Important dates: February 1964—the oscilloscope, i.e. the cathode ray tube (CRT) allowed me to see the “dance” of curves representing mathematical functions processed on an analog device. May–August 1966—what does it take to draw a line point by point (raster was not yet in my vocabulary).
The CRT was no longer a choice for seeing what I was trying to “draw.” Only after I improvised a printer could I finally put on paper what I thought should be the outcome. In an article in Leonardo , I gave some examples of my early work (see more below). The crummy paper, by now yellowed and probably soon to disintegrate, testifies to a time when nobody thought of acidfree paper, not to mention archival quality printing. The lines are bluish, the “printer” often dripped. I used fountain pen ink, a cheap concoction with a lot of sediment that blocked the syringe needle (used as a kind of a pen). The thickness of the lines varied, but not because I was able to make them of various weights (I wish I could have).
What you cannot see in these images is my confusion: Is this all? Drawing by hand was faster and more accurate. The loom was so much better. Or was it the artist who operated it? Indeed, Rembrandt’s brush in my hands, or Picasso’s various “tools,” Pollock’s “dripping” utensils (sticks, trowels, the knife used to splatter paint, etc.) will not make me the artist they were. I never doubted that the loom—an interactive machine—could output art; I never questioned the artistry of the “3D printing” on the potter’s wheel—yet another interactive machine with extremely subtle (analog) control mechanisms.
Early Questions – Deferred Understandings
The benefit of being exposed to such creative processes is that once I got to know computers, I realized that while equivalent in many ways (at least in the mathematical description of what we call automata), they were also essentially different. Weaving is an interactive experience, open to randomness, to intuitive choices, to spontaneity. Algorithmic computation is an automated process unfolding according to a recipe: this is what it takes to draw a line. In hindsight I understood that on the loom, the recipe (“algorithm” is what we call it today) and free choices (which we today call “non-algorithmic”), most made spontaneously as in any interaction, fuse into the surprise and discovery characteristic of art. At least in my understanding of it. Art is not reducible to a formula. It is not algorithmic. Production (and re-production) is algorithmic. But at that time, I could not come up with such words, even less with such an understanding. Now back to my narration: the foresight of practicing computation.
In Romania of that time, of many deprivations, to think freely was even more difficult than to get access to a computer. It was a polarized world: the communist regimes demonized cybernetics and computation as instruments of diabolical capitalism. The new machines were conceived predominantly for military purposes. It was in this context that one of Romania’s brightest minds, Grigore Moisil, exercised his genius (humor and charm being part of it). And voilÃ , an IBM 360 made it to the University Computer Centre (CCUB), located at Mircea Vulcanescu 125. (Before that there was a British ICT machine used for the census.) After Romania built machines , access to computers became easier. This explains why, since the early 1970s, Florian Maxa and Mihai Jalobeanu used them. Ileana Bratu (a subtle intellectual) and Serban Epure interested me personally. Adina Caloenescu, Francis Goebész, among others, from Cluj, TimiÅŸoara, and Bucharest displayed art for which they used computers. It was a time of opportunities.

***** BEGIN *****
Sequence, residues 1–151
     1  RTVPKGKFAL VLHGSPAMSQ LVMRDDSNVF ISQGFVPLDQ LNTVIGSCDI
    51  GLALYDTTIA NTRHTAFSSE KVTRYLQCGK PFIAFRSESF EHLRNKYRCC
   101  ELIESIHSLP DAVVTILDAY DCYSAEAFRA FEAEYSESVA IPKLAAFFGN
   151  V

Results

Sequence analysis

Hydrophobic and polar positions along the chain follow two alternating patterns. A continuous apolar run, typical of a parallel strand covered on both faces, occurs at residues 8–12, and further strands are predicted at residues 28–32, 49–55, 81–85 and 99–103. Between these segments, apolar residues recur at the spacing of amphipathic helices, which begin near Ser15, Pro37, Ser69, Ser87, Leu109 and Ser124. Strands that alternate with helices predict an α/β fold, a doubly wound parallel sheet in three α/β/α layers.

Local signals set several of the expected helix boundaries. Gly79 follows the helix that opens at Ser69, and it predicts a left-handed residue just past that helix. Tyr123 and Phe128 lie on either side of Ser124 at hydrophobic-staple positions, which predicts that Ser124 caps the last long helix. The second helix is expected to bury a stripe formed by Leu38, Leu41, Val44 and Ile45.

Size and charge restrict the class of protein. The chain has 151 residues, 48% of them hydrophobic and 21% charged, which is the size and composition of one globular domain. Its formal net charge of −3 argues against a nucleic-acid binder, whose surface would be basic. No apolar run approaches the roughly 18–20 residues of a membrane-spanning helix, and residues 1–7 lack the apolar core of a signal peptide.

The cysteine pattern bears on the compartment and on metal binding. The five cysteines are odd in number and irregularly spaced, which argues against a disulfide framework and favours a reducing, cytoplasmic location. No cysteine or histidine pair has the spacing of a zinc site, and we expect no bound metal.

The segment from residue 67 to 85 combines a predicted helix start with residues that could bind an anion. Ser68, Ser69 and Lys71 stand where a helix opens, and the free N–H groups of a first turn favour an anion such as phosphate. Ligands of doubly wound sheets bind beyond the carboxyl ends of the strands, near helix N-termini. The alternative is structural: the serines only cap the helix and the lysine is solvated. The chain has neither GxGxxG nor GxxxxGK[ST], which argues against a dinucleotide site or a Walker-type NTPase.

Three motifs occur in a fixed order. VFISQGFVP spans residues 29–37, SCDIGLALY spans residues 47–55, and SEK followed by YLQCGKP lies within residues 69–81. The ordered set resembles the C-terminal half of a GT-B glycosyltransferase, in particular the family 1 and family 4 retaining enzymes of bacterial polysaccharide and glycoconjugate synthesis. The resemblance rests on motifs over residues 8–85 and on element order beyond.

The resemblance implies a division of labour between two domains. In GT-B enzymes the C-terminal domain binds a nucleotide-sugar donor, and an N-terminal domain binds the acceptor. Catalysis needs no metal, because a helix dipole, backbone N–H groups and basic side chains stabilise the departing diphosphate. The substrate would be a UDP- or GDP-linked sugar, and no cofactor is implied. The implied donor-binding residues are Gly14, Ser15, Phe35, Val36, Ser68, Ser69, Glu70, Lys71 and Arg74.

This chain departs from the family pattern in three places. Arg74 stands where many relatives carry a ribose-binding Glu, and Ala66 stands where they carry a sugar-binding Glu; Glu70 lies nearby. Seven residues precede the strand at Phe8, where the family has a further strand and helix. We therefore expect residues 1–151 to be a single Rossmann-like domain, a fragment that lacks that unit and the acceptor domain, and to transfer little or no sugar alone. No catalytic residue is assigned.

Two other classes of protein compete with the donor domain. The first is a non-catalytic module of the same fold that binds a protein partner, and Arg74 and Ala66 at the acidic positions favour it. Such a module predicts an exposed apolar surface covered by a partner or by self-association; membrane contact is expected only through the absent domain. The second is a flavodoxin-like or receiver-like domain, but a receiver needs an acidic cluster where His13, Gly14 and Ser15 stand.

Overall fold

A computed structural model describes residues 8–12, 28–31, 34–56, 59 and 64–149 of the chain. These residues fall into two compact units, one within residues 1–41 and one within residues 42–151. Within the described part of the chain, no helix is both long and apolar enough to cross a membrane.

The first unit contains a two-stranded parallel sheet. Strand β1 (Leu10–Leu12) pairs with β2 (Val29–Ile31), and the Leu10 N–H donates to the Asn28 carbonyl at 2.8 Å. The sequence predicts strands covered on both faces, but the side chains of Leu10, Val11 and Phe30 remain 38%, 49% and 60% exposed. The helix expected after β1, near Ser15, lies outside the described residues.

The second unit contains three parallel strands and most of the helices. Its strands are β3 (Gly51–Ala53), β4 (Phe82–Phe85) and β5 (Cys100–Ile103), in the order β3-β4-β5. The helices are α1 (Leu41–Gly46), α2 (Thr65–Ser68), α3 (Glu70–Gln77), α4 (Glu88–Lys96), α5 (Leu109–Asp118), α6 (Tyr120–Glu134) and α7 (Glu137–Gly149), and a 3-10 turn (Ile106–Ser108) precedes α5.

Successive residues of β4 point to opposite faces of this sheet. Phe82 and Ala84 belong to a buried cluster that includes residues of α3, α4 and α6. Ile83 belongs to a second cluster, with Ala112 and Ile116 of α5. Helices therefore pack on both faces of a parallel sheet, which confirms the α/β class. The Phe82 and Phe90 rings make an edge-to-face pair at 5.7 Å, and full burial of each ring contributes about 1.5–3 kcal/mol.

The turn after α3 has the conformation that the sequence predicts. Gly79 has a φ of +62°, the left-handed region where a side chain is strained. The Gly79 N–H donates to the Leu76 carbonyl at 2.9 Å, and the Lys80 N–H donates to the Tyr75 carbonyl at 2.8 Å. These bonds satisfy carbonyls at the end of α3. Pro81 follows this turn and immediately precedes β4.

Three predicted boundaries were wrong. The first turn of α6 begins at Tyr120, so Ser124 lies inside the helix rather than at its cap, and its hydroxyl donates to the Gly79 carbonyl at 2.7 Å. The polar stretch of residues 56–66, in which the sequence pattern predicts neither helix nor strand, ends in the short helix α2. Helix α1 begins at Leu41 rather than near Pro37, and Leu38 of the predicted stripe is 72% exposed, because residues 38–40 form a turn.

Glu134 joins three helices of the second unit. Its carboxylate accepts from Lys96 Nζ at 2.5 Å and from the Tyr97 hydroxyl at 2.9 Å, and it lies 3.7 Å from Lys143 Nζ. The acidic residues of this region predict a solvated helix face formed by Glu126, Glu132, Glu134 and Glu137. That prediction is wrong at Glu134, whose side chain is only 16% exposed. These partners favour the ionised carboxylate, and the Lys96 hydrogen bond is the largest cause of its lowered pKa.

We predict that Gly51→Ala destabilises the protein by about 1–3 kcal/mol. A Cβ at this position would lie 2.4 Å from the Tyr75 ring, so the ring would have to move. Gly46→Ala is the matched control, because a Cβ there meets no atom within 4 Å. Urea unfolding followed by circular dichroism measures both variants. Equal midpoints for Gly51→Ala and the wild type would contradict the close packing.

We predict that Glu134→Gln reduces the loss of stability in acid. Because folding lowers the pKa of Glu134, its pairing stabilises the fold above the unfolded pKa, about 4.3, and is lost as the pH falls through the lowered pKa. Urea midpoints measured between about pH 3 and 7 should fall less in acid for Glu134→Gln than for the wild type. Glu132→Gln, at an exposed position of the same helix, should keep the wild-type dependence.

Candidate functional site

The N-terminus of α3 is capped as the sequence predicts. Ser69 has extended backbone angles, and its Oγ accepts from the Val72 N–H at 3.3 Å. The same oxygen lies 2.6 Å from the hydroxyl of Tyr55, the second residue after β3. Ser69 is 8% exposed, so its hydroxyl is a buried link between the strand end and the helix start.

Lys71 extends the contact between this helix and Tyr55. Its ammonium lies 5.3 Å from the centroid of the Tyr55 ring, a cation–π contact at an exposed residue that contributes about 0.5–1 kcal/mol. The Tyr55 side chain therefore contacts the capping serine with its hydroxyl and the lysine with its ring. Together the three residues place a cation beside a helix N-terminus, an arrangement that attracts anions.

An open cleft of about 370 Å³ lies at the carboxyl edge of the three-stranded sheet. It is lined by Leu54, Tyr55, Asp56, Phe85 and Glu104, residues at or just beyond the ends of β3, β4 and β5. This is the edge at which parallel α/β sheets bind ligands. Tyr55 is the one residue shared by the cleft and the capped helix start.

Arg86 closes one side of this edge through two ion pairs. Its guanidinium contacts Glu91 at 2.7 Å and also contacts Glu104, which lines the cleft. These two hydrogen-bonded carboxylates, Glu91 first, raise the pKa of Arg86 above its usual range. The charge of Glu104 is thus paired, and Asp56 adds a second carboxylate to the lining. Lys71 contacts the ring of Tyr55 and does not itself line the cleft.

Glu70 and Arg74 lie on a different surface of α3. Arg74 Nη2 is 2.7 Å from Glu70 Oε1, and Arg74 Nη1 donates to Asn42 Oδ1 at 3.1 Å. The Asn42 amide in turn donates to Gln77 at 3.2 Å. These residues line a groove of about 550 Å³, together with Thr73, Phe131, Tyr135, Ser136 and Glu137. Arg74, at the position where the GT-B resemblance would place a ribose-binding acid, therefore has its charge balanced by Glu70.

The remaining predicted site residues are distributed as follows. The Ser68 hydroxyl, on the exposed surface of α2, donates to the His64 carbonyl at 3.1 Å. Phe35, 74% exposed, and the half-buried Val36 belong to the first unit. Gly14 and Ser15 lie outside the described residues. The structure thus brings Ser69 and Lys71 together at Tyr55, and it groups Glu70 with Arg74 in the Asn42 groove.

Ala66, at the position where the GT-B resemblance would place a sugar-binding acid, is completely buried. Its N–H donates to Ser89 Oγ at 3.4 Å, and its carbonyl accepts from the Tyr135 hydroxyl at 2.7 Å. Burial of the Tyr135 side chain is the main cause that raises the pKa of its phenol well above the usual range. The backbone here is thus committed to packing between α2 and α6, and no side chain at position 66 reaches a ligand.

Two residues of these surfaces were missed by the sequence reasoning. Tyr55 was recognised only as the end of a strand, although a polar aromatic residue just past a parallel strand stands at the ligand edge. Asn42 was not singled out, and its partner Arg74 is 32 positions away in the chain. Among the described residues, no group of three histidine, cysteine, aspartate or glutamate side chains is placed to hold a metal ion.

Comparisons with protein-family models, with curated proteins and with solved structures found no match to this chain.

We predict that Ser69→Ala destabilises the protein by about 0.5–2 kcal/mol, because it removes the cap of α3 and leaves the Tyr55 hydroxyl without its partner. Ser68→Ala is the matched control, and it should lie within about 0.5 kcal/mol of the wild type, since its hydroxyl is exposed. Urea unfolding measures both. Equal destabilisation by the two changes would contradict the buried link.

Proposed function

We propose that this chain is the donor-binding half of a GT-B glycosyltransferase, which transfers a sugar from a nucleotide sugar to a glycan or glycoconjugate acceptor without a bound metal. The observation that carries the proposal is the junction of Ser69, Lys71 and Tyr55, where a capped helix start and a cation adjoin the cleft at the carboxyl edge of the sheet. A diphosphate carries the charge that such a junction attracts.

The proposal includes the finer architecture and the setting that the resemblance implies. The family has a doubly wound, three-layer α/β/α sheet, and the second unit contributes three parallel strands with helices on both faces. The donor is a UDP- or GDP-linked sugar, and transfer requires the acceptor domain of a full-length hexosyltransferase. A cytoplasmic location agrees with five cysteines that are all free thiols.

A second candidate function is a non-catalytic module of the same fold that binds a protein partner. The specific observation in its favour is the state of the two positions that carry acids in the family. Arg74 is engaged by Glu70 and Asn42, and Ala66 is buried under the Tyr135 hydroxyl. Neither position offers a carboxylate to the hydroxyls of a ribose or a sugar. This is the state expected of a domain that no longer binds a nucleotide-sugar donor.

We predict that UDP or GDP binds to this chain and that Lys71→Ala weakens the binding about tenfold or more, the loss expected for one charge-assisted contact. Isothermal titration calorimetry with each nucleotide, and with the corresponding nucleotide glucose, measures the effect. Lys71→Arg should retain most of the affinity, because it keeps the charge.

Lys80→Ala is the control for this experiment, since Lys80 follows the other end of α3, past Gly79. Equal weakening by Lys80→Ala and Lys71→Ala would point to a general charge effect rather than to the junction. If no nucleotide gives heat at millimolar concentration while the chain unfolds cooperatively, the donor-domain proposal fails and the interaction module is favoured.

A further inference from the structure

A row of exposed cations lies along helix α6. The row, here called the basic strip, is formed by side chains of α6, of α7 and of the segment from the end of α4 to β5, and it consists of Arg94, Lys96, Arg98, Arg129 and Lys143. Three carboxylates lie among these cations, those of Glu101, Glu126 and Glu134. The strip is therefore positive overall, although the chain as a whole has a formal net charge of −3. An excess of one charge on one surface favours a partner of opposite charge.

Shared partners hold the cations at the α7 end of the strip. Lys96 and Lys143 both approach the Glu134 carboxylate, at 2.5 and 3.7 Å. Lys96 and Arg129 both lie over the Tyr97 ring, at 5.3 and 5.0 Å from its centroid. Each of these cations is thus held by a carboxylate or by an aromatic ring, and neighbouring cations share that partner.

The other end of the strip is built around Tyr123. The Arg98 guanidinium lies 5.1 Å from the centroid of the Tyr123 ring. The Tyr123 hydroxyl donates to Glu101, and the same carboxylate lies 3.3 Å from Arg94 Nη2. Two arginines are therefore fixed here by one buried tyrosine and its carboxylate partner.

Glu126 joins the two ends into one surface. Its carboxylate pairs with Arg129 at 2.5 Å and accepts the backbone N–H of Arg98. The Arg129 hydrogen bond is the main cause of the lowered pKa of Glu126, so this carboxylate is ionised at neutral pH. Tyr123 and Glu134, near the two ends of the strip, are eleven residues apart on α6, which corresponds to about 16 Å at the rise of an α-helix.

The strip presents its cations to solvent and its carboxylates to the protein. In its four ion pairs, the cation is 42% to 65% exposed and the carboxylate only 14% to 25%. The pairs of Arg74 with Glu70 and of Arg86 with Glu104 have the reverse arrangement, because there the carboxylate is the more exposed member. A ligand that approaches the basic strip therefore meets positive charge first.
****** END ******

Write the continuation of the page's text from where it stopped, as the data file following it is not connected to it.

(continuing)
The most advanced aesthetic experiments, fully convincing even today, were those of musicians and composers discovering the expressive possibilities of computation. Indeed, given the fact that music and mathematics are intertwined, and that they used computers as instruments, with which they interacted, Aurel Stroe, Costin Miereanu, Octavian Nemescu, Lucian Metianu, and others proved that a new aesthetics became possible. It was not algorithmic, I must repeat, rather based on interactive computations.
I was among those who took advantage of opportunities to explore new aesthetic possibilities, helped by colleagues and professors who encouraged my thinking (Liviu Sofonea among them). However, I wanted to make images and sounds for reasons different from those that motivate artists. Fully aware of the more than modest achievements—intersections of curves, attempts at describing concave and convex functions, ambitious formal descriptions of what is called the dynamics of the image—I showed my images to Moisil.
He gave me his lectures  (on the logic of nuanced reasoning). The dialog that ensued was way more useful than the many weeks I spent trying to make those images. For the sake of accuracy (since I did not take notes), I will quote Moisil from a published text: “Almost all professions? will utilize computers. Computers do not run on their own; in order for them to run, they need people skilled in driving them.” On a different occasion (I had just finished my PhD in Aesthetics at the University of Bucharest, 1968–1972), he was specific in reference to computers and the arts: “Information science reestablishes the unity of pure mathematics and applied science?it reconciles art and science, not only in the hearts of scientists, where they were always in harmony, but in the minds of everybody” . Art, in his view, is close to multi-valued logic and probably transcends our ability to describe the way it was created.